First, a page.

sweet. . If an organization cannot perform one process. . . that we might be raising the level of narcissism in a lot of individuals with our "positive. . as they arise.How the employee can improve so she or he can continue to support and grow with the organization. When a person walks into a performance appraisal. he or she should already have a pretty good ideal of the appraisal that he or she is about to receive – it should be NO surprise. Knowledge – Leaders do not know how to give performance appraisals. which in turn. So. provides two major benefits: Professional development . but honest appraisal of his or her competency level. and if the employee has been doing a good job. April 2001). Workplace Violence Our "feel good" society often seems as if it is telling us to dispense praise freely. If the employee has been troublesome. A leader needs to inform team members on their strengths and weaknesses in a timely manner. then there should have been prior rewards. the trouble with performance appraisals can generally be traced to two problems: The System – The organization has written a long and/or complicated process for performing performance appraisals. A Better Method? A number of people have called for the replacement of performance appraisals. not just shortcomings. instead of having it earned.. Provides a clear picture of how his or her performance is supporting – or not supporting -. and the political correctness movement of the 70s and 80s have made it almost a sin to speak and act negatively. However. A lot of systems base their treatments on the theory that low self- 50 . there should have been prior counseling sessions. feel good" approach. . that is. . This might be causing more problems than it is fixing by building fragile shells around people that are easily broken (Baumeister. The performance appraisal should be a short process that documents the behavior by targeting two or three behaviors to improve upon and complimenting a couple of other behaviors. not by waiting months-on-end to let them know how they performed. so much in fact. the sixties love era. organizations scrap their performance appraisals for a different method only to find out eventually that it does not work either. and to the point (KISS – Keep It Simple Stupid!). It's an opportunity to note achievements. Legal reasons – It provides documentation in the event a termination is eventually required.the company's objectives. . what makes them think that they can performer another? Performance appraisals should be short. Researchers have lately been discovering that it is this narcissism that often leads to violent behaviors. Dr. . The goal is to give the employee a simple. Spock.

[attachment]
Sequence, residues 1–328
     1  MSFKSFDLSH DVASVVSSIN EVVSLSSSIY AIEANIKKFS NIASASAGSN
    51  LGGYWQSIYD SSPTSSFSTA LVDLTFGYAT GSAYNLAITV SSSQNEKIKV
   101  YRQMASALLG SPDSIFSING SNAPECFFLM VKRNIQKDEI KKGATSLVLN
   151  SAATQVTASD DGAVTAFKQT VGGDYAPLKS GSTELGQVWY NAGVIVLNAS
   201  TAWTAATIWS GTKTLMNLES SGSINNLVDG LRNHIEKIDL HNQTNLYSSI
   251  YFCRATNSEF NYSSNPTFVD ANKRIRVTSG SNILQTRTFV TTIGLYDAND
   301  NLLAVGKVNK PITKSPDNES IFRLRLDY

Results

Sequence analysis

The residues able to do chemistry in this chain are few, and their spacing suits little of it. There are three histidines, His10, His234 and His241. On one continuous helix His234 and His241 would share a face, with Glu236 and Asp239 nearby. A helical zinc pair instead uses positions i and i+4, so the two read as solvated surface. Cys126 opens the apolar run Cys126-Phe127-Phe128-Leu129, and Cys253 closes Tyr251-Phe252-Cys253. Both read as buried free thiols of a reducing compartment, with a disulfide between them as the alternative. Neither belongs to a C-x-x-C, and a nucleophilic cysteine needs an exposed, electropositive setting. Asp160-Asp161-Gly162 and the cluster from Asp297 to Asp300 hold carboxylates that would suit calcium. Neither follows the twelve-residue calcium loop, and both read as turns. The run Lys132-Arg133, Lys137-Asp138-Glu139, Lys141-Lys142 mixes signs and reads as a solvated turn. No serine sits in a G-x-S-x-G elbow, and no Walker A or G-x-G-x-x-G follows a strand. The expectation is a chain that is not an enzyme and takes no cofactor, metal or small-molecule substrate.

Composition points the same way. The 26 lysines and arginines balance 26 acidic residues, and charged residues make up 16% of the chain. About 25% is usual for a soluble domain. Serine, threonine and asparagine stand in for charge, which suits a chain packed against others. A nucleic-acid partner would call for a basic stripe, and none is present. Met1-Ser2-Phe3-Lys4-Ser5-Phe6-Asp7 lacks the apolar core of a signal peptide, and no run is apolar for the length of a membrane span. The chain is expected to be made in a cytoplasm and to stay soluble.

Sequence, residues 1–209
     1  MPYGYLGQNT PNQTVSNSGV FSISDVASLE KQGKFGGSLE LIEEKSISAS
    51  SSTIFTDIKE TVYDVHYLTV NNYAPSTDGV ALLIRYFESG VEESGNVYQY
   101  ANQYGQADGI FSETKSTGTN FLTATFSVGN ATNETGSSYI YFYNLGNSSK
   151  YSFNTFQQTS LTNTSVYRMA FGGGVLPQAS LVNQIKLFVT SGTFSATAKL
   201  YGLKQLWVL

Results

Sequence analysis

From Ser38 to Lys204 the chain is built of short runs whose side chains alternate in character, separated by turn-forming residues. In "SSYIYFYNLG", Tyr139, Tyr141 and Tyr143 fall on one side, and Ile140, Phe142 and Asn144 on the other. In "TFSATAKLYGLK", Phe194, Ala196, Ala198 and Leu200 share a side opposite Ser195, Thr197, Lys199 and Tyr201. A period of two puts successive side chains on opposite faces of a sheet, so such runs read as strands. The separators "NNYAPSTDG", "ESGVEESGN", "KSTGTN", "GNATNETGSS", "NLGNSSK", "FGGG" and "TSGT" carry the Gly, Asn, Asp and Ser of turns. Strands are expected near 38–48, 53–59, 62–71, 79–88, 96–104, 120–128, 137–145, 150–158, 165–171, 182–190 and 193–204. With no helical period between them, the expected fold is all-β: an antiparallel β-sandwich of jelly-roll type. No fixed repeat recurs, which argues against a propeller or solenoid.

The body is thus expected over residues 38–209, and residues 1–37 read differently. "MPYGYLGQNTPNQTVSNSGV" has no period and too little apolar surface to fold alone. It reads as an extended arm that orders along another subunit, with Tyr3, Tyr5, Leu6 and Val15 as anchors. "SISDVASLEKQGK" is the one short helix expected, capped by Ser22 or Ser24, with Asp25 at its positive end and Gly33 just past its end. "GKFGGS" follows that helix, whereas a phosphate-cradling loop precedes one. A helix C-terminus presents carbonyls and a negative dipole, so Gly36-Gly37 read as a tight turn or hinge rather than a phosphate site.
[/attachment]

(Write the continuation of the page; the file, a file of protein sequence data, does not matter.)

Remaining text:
However. rather than asking for input. as most of the acts seem to have been done by boys who have been bullied. the sensor in a car's radiator provides feedback about the engine temperature. feedback refers to observable behaviors and effects that are objective and specific. reflect upon what type of person you are counseling – does the person have a lot of strengths. The recent rise in school shootings might be a different problem. it is easily broken. but no narcissism. Secondly. People with high self-esteem. hence the need to "stroke" everyone. "During the last two meetings. When you are constructively trying to solve a problem. Bullies normally have higher levels of narcissism. who has no real basis for his or her so-called accomplishments? If you are uncertain about his or her stability. so they are not going to be prone to defend themselves with violence. not the person (Performance Feedback Verses Criticism). Note that high self-esteem does not lead to violent behavior. . The exception is the school shooting in Colorado. For example. which means he or she can handle some constructive criticism? Or is the person a braggart. . People with narcissism usually have high self-esteem. but it is extremely rare for an individual to have low self-esteem and narcissism (they oppose each other). you are much less likely to bruise someone‟s ego. you announced the tasks and how to perform them. always focus on the problem. during counseling. If they have part of their "ego" shot down. people with low self-esteem generally tend to stay out of the spotlight. acting violent puts them into the spotlight -. they strike back with the only tool they have -. . Before counseling. . a lot of this violence is actually caused by people who suffer from narcissism. That does not give people the opportunity to take ownership of their work. And since their self-esteem is built upon falsehood.. Feedback was originally an engineering term that refers to information (outcome). The outcome is fed back into a process to indicate whether that process is operating within the designated parameters.the very place they do not want to be. For example. where the two boys involved seemed to of have higher levels of narcissism. esteem brings about violent behavior. So. . When dealing with human performance.feedback and criticism. . And when their self-esteem is broken. while their victims normally have lower levels of self-esteem. This feedback needs to be emotionally neutral information that describes a perceived outcome in relation to an intended target. . If the temperature rises above a set point." People who receive feedback in this manner can use the data to 51 .violence. Performance Feedback Verses Criticism In general. then it would be wise to seek the assistance of someone who has dealt in crisis management. their esteem is built upon a number of solid realities. hence higher self-esteem. are not going to have their bubble burst so easily since their "ego" is built upon reality. . then a secondary electrical fan kicks in. there are two different forms of information about performance .